Today the European Parliament approved a new regulation that will ban unjustified geo-blocking in the internal market. One small step in the right direction according to MEP Marietje Schaake (ALDE/D66).
MEP Marietje Schaake: ““From now on European consumers will face less obstacles when they buy things online in a shop from a different EU Member State. Companies can’t reroute consumers anymore without notifying them, for instance. This is a victory for the consumer and it will give a boost to e-commerce in the EU.”
It’s time to abolish geoblocking for video
MEP Schaake: “We are not there yet. It is a pity that no agreement could be reached on including copyrighted material, such as e-books, e-music, video games or e-films in the scope of this regulation. Only when that happens we will have truly abolished geoblocking in the digital single market.”
Under the new approved rules, traders will not be able to discriminate between customers with regard to the general terms and conditions –including prices– in three cases. These are where the trader:
- sells goods that are delivered in a member state to which the trader offers delivery or are collected at a location agreed upon with the customer;
- provides electronically supplied services such as cloud services, data warehousing services, website hosting and the provision of firewalls;
- provides services which are received by the customer in the country where the trader operates, such as hotel accommodation, sports events, car rental, or entry tickets to music festivals or leisure parks.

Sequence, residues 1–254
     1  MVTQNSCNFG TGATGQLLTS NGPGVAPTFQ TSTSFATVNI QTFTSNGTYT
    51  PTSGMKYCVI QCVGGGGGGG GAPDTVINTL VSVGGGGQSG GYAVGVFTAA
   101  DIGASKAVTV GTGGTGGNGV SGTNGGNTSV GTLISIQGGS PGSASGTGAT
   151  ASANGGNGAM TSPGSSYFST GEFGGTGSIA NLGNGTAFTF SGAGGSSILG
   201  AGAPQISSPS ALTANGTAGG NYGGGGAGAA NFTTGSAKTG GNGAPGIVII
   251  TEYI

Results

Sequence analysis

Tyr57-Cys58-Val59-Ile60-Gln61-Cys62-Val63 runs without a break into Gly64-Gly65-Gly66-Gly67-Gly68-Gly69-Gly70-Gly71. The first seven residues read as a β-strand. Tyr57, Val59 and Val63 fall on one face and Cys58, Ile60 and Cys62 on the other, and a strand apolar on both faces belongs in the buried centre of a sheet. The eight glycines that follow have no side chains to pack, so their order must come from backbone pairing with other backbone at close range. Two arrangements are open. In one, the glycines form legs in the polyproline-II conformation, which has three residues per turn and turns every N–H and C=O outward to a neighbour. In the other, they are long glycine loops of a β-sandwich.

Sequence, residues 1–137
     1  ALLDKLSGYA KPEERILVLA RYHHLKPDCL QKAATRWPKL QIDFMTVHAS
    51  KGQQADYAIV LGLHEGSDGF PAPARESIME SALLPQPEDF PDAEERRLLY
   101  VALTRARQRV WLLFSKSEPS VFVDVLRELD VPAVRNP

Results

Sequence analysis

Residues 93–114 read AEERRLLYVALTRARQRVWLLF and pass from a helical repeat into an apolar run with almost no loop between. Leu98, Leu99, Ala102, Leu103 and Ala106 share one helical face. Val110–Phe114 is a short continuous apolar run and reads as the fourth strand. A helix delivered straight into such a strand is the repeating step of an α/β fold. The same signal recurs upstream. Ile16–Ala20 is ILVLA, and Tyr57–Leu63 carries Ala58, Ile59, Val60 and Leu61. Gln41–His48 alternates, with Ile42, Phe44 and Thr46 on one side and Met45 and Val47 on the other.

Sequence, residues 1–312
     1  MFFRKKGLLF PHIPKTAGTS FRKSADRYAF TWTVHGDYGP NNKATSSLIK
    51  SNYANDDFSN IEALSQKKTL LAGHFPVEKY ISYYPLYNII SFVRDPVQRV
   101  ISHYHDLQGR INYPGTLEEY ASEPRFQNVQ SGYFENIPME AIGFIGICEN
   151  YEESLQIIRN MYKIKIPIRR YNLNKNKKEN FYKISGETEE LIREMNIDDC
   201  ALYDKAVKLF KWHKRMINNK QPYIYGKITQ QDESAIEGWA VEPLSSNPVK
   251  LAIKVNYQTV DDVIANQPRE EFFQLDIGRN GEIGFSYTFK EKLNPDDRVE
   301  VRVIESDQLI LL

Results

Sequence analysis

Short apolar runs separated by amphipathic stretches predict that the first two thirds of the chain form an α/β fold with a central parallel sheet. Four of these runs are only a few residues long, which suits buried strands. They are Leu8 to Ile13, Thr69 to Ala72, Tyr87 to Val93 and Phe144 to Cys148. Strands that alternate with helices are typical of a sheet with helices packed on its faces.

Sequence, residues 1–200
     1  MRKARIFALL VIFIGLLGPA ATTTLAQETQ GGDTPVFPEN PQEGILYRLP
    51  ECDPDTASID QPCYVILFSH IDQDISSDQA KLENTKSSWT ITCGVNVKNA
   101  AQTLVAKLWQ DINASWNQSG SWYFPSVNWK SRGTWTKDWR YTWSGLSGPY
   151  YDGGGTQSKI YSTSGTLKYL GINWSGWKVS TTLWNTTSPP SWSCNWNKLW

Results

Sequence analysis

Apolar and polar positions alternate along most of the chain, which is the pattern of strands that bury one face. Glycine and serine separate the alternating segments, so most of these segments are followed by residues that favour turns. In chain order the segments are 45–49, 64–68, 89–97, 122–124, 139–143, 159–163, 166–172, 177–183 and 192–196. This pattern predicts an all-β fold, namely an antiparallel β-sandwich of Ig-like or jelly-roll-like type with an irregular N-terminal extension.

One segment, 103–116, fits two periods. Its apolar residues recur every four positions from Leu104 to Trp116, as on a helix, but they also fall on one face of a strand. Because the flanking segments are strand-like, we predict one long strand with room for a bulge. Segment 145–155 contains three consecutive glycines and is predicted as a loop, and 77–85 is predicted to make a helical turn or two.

Unlike price discrimination, price differentiation will not be prohibited, so traders are free to offer different general conditions, including prices, and to target certain groups of customers in specific territories.
Moreover, traders will not be obliged to deliver goods to customers outside the member state to which they offer delivery.
Other geoblocking-related mesaures
- Last year the EU already approved new rules that will allow users to enjoy their online film subscriptions (such as Netflix) when travelling in the EU the same way they do at home. (See: Proposal for a regulation of the European Parliament and of the Council on ensuring the cross-border portability of online content services in the internal market.)
- The EU is also currently negotiating the overhaul of the satellite and cable directive, which would require broadcasters to make online news programmes available for people to view online anywhere in the EU.